Date of Award

Summer 2014

Degree Type


Degree Name

Doctor of Philosophy (PhD)


Chemical Engineering

First Advisor

Fabio H. Ribeiro

Committee Chair

Fabio H. Ribeiro

Committee Member 1

W. Nicholas Delgass

Committee Member 2

Aleksey Yezerets

Committee Member 3

Stephen Beaudoin

Committee Member 4

Joshua Ratts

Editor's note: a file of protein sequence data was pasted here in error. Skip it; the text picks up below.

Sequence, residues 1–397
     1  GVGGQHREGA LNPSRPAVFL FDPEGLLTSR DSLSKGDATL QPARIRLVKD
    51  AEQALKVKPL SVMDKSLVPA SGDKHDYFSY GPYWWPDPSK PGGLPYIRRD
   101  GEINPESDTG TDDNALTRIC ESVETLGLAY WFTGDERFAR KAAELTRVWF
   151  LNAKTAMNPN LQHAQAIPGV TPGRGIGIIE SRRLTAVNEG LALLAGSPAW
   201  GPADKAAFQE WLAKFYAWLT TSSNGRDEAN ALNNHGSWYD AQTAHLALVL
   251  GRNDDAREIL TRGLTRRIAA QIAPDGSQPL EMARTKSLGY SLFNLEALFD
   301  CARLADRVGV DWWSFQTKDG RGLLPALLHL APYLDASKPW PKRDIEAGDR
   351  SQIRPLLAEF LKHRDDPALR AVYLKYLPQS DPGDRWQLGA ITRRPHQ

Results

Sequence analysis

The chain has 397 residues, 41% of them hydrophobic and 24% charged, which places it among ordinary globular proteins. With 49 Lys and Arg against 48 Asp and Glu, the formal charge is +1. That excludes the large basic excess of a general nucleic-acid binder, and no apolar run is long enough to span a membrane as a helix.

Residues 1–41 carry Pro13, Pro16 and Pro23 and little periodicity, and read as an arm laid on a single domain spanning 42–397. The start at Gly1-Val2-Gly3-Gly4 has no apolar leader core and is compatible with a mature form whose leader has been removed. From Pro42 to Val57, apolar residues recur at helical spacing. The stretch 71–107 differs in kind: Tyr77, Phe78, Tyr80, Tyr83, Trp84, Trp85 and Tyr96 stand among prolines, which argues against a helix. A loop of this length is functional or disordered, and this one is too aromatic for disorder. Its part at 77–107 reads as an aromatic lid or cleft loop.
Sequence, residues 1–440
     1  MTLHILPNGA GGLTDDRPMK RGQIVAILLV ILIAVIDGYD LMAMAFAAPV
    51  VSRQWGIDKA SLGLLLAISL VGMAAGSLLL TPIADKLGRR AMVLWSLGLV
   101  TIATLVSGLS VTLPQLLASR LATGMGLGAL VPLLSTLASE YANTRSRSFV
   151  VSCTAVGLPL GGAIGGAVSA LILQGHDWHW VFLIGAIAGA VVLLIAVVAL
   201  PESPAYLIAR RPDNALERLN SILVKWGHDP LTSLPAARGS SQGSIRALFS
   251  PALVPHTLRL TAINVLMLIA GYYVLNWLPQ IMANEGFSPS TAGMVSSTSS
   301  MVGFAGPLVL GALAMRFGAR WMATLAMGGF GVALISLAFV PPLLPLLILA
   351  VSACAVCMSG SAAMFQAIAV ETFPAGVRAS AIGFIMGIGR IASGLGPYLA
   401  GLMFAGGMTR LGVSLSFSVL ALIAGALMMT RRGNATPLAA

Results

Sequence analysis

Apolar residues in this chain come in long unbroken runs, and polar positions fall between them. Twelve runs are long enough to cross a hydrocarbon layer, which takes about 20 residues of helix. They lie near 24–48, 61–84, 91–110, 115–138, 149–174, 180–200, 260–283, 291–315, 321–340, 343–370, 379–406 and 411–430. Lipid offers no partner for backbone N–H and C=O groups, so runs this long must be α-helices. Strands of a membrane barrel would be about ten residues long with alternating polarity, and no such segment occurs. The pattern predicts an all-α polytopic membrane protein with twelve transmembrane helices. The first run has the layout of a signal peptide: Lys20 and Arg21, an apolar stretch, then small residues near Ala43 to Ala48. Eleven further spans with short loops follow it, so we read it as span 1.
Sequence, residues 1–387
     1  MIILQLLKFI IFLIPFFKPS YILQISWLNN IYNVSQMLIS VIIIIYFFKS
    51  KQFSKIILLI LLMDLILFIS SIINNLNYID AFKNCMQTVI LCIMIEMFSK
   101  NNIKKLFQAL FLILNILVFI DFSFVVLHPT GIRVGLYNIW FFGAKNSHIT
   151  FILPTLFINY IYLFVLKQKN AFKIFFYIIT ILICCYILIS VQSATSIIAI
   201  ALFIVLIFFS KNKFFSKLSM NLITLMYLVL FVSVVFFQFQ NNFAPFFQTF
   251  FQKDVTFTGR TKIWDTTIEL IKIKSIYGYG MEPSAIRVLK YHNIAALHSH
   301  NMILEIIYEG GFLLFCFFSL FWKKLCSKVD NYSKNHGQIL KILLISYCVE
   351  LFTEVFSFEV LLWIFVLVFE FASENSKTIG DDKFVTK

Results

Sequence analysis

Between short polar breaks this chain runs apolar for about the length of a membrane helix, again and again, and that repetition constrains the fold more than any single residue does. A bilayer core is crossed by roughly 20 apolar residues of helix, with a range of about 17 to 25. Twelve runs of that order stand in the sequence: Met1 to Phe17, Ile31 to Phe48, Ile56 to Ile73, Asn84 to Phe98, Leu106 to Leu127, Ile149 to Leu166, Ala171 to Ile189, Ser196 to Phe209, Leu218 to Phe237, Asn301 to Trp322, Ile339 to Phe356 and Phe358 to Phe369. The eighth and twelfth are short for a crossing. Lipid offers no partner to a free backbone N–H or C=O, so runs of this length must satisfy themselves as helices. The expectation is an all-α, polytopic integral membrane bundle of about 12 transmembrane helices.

Stringent regulations in mobile NOx emissions have resulted in the development of Standard Selective Catalytic Reduction (SCR) as the dominant NOx abatement technology in lean burn diesel engines. Standard SCR is a reaction of nitric oxide (NO) with ammonia (NH3), in the presence of oxygen (O 2) to form nitrogen (N2) and water (H2O). Copper containing zeolites show commercially viable SCR performance. Cu-SSZ-13 (CHA framework), a member of this family, is a preferred catalyst for SCR applications because it shows exceptional hydrothermal stability in addition to commercially viable SCR performance. Our work focuses on 1) determination of the active sites, and 2) elucidation of the dominant reaction steps on active sites, for standard SCR (at 473 K) and catalytic oxidation of NO (at 550 K), over Cu-SSZ-13.^ A series of Cu-SSZ-13 catalysts (Si:Al = 4.5) tested for standard SCR kinetics exhibited a linear increase in the rate of nitrogen production (per gram catalyst) with Cu:Al ratio till Cu:Al = 0.2. Separate catalyst characterization tools like Ultra-Violet-Visible-Near Infra-red (UV-Vis-NIR) spectroscopy under ambient conditions, X-ray Absorption Near Edge structure (XANES) of Cu ions during standard SCR, Density Functional Theory (DFT) calculations, and titration of residual acid sites with amine titrants on this series of catalysts established isolated Cu ions ion exchanged at the framework Al sites in six member rings of SSZ-13 as the dominant Cu ion configuration below Cu:Al = 0.2, which we assign as the dominant active sites for low temperature standard SCR (T = 473 K). Above Cu:Al = 0.2, Cu ion clusters (CuxOy) were formed, which stabilized on framework Al sites at favorable distances, in the eight member cage of SSZ-13. CuxOy was active in catalyzing dry NO oxidation to NO2 via oxygen activation mediated by local Cu-Oy-Cu bonds. The density of local Cu-Oy-Cu bonds was quantified from in-situ XANES under NO oxidation and correlated linearly with the rate of NO oxidation, thereby establishing CuxOy as the active sites for NO oxidation. NO oxidation was also explored on catalysts prepared to contain exclusively isolated Cu(II) ions and the Gibbs free energy of reaction intermediates was shown to be higher than the free energy of similar intermediates formed from local Cu-O y-Cu bonds, consistent with the experimental observation of experimentally undetectable rate of NO oxidation on isolated Cu(II) ions in the six member rings of SSZ-13. As a result, dry NO oxidation is proposed as a probe reaction to detect Cu ion clustering in Cu-SSZ-13 formulations.^ Operando XANES during standard SCR also implicated isolated Cu ions (in the six member SSZ-13 ring) as the active site; however, the +2 oxidation state of Cu is not preserved. Experimental XANES analysis during appropriate reactant cutoff from steady state standard SCR and DFT calculated Gibbs free energy analysis of adsorbates under reaction conditions point toward a Cu ion redox between Cu(I) and Cu(II) to mediate standard SCR. The isolated Cu(II) ion reduction is achieved by both NO and NH3 to make nitrogen, isolated Cu(I) ions, and experimentally detectable proximal Brønsted acidic sites. These proximal acid sites can stabilize ammonium ions during standard SCR catalysis, while NO and O2 oxidize the Cu(I) back to Cu(II) via nitrite (NO2-) intermediate formation, as predicted by DFT. The close proximity between nitrites (on Cu) and ammonium ions (on proximal Brønsted acid sites) enable the formation of nitrogen and water via an intermediate which resembles ammonium nitrite, thereby completing the catalytic cycle. These findings highlight the bi-functional nature of Cu-SSZ-13 displayed by a close proximity of Bronsted acidic sites and redox metal ion centers which work in concert to catalyze the selective reduction of NO with NH3 in the presence of oxygen, to form nitrogen and water.